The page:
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More glittering granite steps, with twisted wisteria mirrored on either side, lead to the next level of terrace – a small fragrant garden. Again, balance is key. The long strip of terrace has two of the four Persian ironwood domes at either end. Yew forms the skeleton of this area also; two benches look back down towards the formal garden, positioned in alcoves cut from the hedge.  It is clear how important shape and symmetry are in the formal garden below. Even though there are multiple levels, the strength of shape and sharp line makes it all interlock seamlessly.

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The formality suddenly changes, after climbing another flight of steps, as crisp lines of the pathway disappear, blurred by the branches of Japanese maples, magnolias and azaleas. Winding woodland paths loop around the back of the shrubs where ferns and foxgloves grow side-by-side under the towering beech trees. The formal garden is a distant memory, with the boundaries of the surrounding Dartmoor National Park trying to creep into the garden. The Shrubbery is a complete contrast to the perennial-heavy formal garden; it provides a fiery display in spring and autumn when the rest of the garden taking a breather.

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One last room awaits and it is possibly the boldest space in the entire castle. A final ascent of steps leads to the huge, but empty, circular croquet lawn. The simplest but most striking part of the garden, a pathway circles around the island of grass, with a loop of familiar yew hedge and beyond that the halo of beech, appearing taller than ever. The framing provided by the trees makes the sky as important as the plants themselves. The branches seem to reach up and touch the clouds, pulling the atmosphere down into the garden. For an enclosed space, the structure and size of the trees and hedging, coupled with the vastness of sky, stops the garden feeling small and understated. The simplicity of the croquet lawn never ceases to excite me whenever I visit.

The gardens at Castle Drogo are not large, especially compared to many stately homes. However, this helps them to feel more like a family space, not a statement of wealth or something boasted about whilst taking tea in the drawing room. It owes its success to three elements: beech, yew and granite– the backbone of the design, and the defense system guarding the precious microclimate. Combined with beautiful planting and enforced by inspirational line and shape, Castle Drogo is a garden that will always feel like a second home – forever welcoming me back with open arms.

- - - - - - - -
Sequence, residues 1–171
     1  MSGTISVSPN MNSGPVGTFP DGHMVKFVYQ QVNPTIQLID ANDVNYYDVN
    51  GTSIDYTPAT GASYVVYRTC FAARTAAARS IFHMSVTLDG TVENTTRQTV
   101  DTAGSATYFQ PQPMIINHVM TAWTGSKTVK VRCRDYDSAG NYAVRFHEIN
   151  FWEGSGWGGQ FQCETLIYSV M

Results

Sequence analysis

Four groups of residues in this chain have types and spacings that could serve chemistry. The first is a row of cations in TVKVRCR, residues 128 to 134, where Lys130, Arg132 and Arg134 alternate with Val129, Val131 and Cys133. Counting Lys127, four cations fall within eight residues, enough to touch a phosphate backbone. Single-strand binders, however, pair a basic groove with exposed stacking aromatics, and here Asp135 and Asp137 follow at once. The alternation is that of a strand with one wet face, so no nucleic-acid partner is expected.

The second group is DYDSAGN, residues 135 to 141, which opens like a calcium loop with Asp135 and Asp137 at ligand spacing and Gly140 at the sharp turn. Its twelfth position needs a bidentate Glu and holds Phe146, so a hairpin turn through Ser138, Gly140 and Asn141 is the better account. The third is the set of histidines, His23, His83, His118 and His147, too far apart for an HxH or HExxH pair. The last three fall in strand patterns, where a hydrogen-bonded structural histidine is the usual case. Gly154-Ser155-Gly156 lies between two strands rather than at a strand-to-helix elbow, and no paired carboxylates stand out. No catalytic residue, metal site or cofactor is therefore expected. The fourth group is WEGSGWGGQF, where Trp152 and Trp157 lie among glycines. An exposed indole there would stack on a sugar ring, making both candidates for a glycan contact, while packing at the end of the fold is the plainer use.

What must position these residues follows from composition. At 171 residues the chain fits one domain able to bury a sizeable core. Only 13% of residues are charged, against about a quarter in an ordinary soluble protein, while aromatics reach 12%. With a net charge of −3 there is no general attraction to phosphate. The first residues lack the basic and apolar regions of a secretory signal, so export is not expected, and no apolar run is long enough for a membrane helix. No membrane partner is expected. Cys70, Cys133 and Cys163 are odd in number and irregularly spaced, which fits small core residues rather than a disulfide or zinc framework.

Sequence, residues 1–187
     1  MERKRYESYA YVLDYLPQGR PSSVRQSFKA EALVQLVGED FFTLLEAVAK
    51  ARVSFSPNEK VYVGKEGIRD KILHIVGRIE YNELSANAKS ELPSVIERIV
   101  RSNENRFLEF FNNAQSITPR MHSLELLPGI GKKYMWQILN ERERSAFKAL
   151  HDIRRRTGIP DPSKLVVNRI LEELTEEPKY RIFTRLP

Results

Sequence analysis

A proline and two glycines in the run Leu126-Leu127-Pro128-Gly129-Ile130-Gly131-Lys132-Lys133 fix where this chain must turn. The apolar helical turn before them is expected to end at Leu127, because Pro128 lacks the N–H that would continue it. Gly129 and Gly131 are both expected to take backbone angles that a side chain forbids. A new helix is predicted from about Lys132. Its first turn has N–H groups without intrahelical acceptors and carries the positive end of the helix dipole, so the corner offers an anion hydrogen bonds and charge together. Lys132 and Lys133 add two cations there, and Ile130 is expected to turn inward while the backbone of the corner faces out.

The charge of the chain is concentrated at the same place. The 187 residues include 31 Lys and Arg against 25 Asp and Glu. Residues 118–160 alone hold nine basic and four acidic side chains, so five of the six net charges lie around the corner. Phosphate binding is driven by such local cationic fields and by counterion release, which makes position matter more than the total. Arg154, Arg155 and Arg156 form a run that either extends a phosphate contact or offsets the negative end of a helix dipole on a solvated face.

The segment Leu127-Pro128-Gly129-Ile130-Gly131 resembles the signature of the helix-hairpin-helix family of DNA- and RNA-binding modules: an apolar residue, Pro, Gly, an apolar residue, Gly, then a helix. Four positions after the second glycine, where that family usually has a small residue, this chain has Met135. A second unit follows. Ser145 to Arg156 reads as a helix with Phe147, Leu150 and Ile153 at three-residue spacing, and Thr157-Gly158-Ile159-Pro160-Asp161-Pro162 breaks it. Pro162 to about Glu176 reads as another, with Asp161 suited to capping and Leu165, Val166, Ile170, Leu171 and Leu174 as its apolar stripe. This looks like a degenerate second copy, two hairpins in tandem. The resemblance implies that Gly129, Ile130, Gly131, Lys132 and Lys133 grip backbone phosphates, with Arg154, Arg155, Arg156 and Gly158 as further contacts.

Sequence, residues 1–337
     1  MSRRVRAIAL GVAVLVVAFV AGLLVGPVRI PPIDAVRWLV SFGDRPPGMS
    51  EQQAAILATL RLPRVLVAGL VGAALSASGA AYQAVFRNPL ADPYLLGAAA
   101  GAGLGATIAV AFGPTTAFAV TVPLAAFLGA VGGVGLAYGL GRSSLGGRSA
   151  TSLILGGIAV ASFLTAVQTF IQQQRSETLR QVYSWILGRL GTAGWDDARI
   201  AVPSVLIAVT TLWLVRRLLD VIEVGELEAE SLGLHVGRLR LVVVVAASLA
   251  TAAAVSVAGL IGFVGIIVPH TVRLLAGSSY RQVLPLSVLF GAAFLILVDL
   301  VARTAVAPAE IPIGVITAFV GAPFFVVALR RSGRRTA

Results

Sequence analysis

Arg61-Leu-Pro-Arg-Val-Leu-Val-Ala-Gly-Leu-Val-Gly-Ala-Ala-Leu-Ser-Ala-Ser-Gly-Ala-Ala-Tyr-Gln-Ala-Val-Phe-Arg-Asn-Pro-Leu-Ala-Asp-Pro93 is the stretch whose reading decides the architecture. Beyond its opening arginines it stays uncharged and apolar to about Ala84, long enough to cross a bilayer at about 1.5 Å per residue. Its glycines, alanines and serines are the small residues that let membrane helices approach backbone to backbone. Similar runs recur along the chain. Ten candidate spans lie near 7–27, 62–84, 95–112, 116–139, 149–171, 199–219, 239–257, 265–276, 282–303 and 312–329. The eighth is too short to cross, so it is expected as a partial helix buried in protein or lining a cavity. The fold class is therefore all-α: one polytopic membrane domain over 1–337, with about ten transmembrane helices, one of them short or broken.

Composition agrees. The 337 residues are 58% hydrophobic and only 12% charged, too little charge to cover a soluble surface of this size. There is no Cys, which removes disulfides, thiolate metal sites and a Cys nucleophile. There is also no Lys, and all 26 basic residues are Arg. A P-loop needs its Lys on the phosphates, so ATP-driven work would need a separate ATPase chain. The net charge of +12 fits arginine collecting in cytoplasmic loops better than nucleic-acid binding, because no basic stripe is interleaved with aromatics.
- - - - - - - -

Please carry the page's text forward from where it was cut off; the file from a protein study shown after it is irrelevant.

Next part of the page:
BBC Gardener’s World Live – A confession

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Wrapped and ready to go

I cannot start work on my Beautiful Border soon enough. Even though a large part of me just wants to be at home in sunny Somerset and celebrate my first sweet pea flowers opening, if I worry about how I’m going to place my plants for many more days I will be grey-haired by the time the show opens.

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I’ve been appearing here, there and everywhere.

Yesterday I visited New Forest nursery to select the plants I will be using in the border. Everyone was hugely helpful and even more patient as I wondered back and forth between row upon row of plants, trying to make firm decisions. I am really happy that the plants are now sorted and I have got some beautiful things, but it was hard. There was no one there to hold my hand and it felt weird that I just had to make my mind up.

So, having previously spent my time worrying about not having any plants, I am now worrying about the plants I do have and I am feeling a bit embarrassed.

Is a public show really the best place to bring my first ever planting design to life?

I should have probably done something behind closed doors first, with out prowling TV presenters and judges with clipboards to look at what I’m doing. I have plenty of books about planting design and I have spent far too many hours adding hundreds of garden photos to my Pinterest account, but nothing compares with practice and experience.

Trying to think a bit more positively, if I can, for want of a better phrase, ‘pull it off’, then it hopefully proves that anyone who wants to have a go at designing his or her own border absolutely must give it a try. However, unless they want some added pressure, maybe in the familiar surroundings of their own home first.

Today I have been packing the van with everything from tea to topsoil and then tomorrow morning I am off to the NEC to start work on my blank canvas. I’m wondering when it’s going to sink in that I’m actually bringing my design to life, hopefully sometime in the next 24hours…

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Not everyone is quite so worried

The Urban Retreat in photos

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Now that the Chelsea Flower Show is over, it is sad to think that photos are the only means we have to revisit so many beautiful gardens. I hope I have taken enough to remember all of the little details that intrigued and fascinated me, especially in our garden. The texture of intense green leaves again the coarse rusty steel. The contrast of shapes throughout the garden; bold collections of circles sitting within linear boundaries of concrete and the way the building perfectly framed the jungle-planting behind. Watching bees appear from nowhere and make the garden their temporary home, and the spicy, sweet smell of cedar. One benefit is that I can spend as long as I want looking at each photo, studying the layers of planting or the sun through the petals of the Iris. They flatten the busy real-life scene into a one-layered image and really allow the garden to be fully appreciated as a whole.